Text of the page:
At an in-house Leadership Excellence Course last week multiple attendees realized, that from their position in the corporate hierarchy, the mission of the company was not as clear as it should be. This affects the teams they are responsible for, and may be addressed in multiple ways, which were discussed in several of our nine leadership workshops. Here are three examples.
First, the corporate mission may be included or referenced in their Personal Leadership Philosophy, for both possible introduction and reinforcement.
Second, during the Aligning and Accomplishing Goals workshop, multiple attendees observed that a lack of knowledge of broader corporate goals could lead to misalignment when establishing SMART (specific, measurable, agreed-upon, realistic, trackable) goals with subordinates. We discussed this common situation within organizations is how silos form, or independent groups working either unaware and/or disconnected from the direction of the overall enterprise.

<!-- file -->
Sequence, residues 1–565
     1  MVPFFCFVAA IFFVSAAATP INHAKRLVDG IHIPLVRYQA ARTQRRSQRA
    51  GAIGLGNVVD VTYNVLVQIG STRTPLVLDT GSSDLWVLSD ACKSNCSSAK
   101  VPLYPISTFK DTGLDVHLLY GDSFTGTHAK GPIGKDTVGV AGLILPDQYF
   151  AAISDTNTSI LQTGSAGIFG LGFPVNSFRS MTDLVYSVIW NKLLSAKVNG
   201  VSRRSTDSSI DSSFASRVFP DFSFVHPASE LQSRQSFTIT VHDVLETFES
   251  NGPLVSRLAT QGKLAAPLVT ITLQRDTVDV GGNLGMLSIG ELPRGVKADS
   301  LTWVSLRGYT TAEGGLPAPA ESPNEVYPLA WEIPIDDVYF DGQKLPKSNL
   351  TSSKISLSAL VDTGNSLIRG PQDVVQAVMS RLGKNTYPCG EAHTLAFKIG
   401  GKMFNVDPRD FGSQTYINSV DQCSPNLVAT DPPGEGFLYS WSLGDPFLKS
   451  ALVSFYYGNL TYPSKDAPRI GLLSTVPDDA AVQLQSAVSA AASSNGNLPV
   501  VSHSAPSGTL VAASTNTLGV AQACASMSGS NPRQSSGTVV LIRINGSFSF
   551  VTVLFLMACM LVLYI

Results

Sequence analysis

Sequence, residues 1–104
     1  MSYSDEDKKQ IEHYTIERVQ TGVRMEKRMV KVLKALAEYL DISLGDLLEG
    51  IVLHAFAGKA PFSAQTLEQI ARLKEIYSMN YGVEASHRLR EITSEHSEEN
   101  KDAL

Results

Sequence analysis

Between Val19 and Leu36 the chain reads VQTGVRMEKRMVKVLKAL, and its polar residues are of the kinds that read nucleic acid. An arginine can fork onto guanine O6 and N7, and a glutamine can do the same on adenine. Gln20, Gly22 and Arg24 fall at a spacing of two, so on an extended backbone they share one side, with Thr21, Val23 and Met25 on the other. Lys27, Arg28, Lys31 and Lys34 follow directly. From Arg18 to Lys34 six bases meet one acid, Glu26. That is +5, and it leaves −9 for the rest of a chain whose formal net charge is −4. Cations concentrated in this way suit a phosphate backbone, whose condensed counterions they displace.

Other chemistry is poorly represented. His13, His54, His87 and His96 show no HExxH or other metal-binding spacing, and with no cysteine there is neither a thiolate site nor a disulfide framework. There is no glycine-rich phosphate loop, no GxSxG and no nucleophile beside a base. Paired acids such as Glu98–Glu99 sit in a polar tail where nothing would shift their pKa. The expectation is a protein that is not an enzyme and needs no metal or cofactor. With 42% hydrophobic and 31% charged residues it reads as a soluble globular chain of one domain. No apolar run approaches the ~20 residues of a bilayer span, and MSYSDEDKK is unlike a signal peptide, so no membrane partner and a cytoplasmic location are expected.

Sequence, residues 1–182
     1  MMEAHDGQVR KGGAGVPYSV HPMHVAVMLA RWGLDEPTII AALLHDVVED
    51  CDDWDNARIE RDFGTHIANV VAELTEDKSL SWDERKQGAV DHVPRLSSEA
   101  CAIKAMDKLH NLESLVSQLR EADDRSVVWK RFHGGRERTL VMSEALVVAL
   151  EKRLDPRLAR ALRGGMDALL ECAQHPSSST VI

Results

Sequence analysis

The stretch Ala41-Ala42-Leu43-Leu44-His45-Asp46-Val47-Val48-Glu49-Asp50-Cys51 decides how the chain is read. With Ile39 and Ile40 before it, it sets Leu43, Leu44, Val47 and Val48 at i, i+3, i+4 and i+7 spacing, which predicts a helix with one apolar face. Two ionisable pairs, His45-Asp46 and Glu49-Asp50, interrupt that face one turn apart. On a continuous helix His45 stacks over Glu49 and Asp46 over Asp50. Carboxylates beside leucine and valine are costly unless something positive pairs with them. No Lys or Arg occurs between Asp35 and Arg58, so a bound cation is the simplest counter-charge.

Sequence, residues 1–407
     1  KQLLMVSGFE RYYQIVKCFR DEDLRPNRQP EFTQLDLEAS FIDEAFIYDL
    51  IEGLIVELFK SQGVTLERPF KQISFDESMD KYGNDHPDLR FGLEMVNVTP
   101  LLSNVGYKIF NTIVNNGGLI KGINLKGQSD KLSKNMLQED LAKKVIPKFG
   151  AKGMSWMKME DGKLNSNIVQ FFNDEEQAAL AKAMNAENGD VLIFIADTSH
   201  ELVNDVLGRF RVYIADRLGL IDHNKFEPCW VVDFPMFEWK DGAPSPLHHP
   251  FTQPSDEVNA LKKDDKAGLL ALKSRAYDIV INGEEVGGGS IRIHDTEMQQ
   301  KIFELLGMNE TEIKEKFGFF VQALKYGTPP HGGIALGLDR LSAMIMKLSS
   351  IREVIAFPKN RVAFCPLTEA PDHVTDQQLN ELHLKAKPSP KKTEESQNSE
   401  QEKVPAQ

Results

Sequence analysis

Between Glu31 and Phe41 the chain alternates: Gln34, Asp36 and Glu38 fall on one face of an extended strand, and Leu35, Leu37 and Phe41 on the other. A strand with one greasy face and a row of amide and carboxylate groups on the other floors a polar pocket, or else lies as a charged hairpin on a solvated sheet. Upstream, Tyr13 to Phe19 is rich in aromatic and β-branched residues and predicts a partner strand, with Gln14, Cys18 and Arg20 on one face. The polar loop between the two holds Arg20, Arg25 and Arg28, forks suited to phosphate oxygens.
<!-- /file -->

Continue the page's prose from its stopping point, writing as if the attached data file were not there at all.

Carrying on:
The third example was during our last workshop, Coaching to Develop People. After distinguishing coaching from appreciation and evaluation, the other two forms of feedback, we narrowed our workshop focus specifically on performance coaching, and noticed how this type of coaching is similar to what competitive athletes do.
Coaching without a prior, agreed upon set of goals is rarely effective. It stands to reason that if our prior developed goals, as well as our subordinate’s goals are not aligned with the overall organization, than our coaching may lead our team in the wrong direction.
Jim Collins emphasizes the same, and it’s worth visiting his web site and the emphasis on alignment. In our Core Values Alignment workshop, one of our more advanced workshops, we bring to attention that most businesses treat development of central tenets such as core values administratively, or focused on grammar and creating visually appealing posters, rather than the more demanding leadership challenge of aligning derivative activities, such as the mission and goals throughout the organization.
Without peeking at any documents, or going on-line, how well can you describe the mission and goals of your organization, or declared corporate values? More importantly, how well can your subordinates, and can they share with anyone the connection between what they do every day, and how that helps the organization move toward unified goals?
Great Leaders Create Alignment.